Biologics are made of antibodies that are grown in the lab and work by stopping certain proteins in the body from causing inflammation.
Small molecules are oral medications that also work on the immune system but act differently from biologics.
These drugs are used to treat moderate to severe ulcerative colitis.
Immunomodulators are a second-line drug for treating ulcerative colitis. These drugs limit inflammation at its source in the immune system.
Other drugs for ulcerative colitis may include antibiotics and certain pain relievers.
What Should You Eat When You Have Ulcerative Colitis
When it comes to food, there’s no known dietary cause of ulcerative colitis, but different foods may aggravate or help limit symptoms of the disease.
You’re more likely to need to change your diet during periods of active disease (flares), when eating soft, bland foods can help limit symptoms like cramping and diarrhea. With guidance from a doctor, a liquid meal replacement diet known as an elemental diet, can also help achieve remission from active disease.
During flares, you may also want to avoid or limit high-fiber and high-fat foods, as well as alcohol, dairy products, and spicy foods.
If you’re losing nutrients and water in your diet due to diarrhea, you may need to focus on increasing your fluid intake and getting enough calories, protein, vitamins, and minerals from foods or supplements.
Research and Statistics: How Many People Have Ulcerative Colitis?
While people of European descent have traditionally had more cases of ulcerative colitis than others, this is changing. According to a review published in August 2016 in the journal Inflammatory Bowel Diseases, IBD is becoming more prevalent in people of African American, Asian, and Hispanic descent.
Ulcerative colitis tends to run in families, affecting men and women equally overall. But older men are more likely to develop it than older women, according to the Crohn’s and Colitis Foundation.
What Other Conditions Are Related to Ulcerative Colitis
Ulcerative colitis is a type of IBD, but it's not the same as irritable bowel syndrome (IBS).
Although the disorders share some of the same symptoms, such as abdominal pain and diarrhea, inflammation and ulcers do not occur with IBS.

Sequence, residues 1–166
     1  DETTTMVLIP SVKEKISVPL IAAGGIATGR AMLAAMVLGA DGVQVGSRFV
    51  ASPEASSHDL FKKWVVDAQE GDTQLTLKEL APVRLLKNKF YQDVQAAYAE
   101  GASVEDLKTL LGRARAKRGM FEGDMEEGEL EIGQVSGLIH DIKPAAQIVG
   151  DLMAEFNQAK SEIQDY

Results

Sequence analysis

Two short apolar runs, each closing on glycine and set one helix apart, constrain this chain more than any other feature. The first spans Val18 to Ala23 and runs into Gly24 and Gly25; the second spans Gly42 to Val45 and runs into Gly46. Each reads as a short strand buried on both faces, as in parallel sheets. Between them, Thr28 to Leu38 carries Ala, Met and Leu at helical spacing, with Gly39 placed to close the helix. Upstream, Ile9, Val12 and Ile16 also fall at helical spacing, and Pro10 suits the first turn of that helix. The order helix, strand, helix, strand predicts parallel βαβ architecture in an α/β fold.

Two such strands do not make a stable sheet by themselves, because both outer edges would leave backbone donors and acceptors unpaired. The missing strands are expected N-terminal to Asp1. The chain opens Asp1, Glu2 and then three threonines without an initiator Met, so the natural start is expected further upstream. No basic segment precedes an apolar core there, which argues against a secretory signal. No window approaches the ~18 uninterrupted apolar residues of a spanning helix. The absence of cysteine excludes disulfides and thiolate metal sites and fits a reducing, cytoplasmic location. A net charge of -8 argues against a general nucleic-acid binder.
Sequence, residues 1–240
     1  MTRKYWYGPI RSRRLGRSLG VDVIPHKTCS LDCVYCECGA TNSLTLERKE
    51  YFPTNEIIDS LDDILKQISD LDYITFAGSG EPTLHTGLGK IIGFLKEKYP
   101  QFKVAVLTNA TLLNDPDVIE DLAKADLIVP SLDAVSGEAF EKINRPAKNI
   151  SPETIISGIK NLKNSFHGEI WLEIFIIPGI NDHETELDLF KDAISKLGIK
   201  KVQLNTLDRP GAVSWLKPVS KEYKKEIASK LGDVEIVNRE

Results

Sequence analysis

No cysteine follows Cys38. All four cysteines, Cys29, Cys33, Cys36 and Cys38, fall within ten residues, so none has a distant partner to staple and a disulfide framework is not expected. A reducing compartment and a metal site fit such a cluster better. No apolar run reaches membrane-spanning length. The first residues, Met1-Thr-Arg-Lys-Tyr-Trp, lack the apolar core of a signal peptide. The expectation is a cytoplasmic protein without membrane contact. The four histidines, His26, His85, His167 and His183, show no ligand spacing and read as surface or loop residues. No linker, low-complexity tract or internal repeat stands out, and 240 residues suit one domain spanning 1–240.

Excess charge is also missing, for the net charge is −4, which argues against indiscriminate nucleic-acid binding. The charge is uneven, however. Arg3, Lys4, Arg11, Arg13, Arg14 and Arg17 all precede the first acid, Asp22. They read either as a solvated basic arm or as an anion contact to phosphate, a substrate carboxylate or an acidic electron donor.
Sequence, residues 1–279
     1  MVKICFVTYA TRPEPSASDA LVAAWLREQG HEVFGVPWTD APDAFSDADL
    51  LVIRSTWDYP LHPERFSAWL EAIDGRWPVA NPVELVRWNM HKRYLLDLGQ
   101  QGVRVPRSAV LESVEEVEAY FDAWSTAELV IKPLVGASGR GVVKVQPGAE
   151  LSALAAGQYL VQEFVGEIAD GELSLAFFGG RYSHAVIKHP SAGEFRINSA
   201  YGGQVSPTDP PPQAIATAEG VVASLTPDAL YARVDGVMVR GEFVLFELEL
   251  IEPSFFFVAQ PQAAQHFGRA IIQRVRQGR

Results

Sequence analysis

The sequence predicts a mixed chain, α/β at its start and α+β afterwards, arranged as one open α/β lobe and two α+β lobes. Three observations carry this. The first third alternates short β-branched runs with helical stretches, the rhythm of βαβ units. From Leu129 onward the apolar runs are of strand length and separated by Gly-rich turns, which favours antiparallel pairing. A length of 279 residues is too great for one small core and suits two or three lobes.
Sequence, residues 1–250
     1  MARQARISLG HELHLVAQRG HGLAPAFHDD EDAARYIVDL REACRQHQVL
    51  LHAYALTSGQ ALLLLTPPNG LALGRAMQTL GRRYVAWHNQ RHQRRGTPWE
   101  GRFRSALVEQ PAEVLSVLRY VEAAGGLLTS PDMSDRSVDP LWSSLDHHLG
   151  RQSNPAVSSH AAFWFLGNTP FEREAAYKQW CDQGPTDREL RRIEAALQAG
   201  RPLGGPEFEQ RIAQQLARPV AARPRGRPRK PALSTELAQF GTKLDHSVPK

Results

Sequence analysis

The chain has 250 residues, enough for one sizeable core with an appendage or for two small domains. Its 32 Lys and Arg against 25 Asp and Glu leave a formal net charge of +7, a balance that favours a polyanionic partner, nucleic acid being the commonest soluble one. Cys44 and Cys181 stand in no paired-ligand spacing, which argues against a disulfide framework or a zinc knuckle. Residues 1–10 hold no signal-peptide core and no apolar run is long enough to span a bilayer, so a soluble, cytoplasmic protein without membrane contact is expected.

Another disease often mentioned alongside ulcerative colitis is Crohn’s disease. Ulcerative colitis and Crohn’s are different types of IBDs that affect the digestive tract in different ways.
The two diseases have a lot of common symptoms, but certain symptoms may make your doctor suspect one disease versus the other.
While diarrhea, rectal bleeding, and abdominal pain are common in both diseases, Crohn’s disease more often causes nausea, weight loss, and vomiting. The types of abdominal pain are often somewhat different.
Ulcerative colitis is limited to the lining of the large intestine (colon), whereas Crohn’s disease can affect the entire digestive tract — from your mouth to your anus — and isn’t limited to the inner part of the intestines.
Ulcerative Colitis and COVID-19
The coronavirus pandemic has forced everyone to take extra precautions when it comes to health and safety. This is especially true for individuals with a compromised immune system. Although research shows that people living with UC are no more susceptible to catching the virus than the general population, organizations including the American College of Gastroenterology and the Crohn’s and Colitis Foundation have issued guidelines to help limit the spread of the infection. It’s also recommended that people with ulcerative colitis get a COVID-19 vaccine.
A number of resources are available to help people with UC manage these difficult times — from medication assistance to virtual therapy for mental health.
Ulcerative Colitis Resources We Love
Favorite Orgs for Essential UC Info
Each year, Everyday Health editors attend DDW, the world’s largest gathering of physicians, researchers, and industry in the fields of gastroenterology, hepatology, endoscopy, and gastrointestinal surgery.
Crohn’s and Colitis Foundation (CCF)
CCF is the leading nonprofit organization dedicated to finding the cure for UC and Crohn’s. The organization is at the forefront of IBD research and works to educate, empower, and support individuals afflicted with these diseases. Find your local chapter by visiting the CCF website.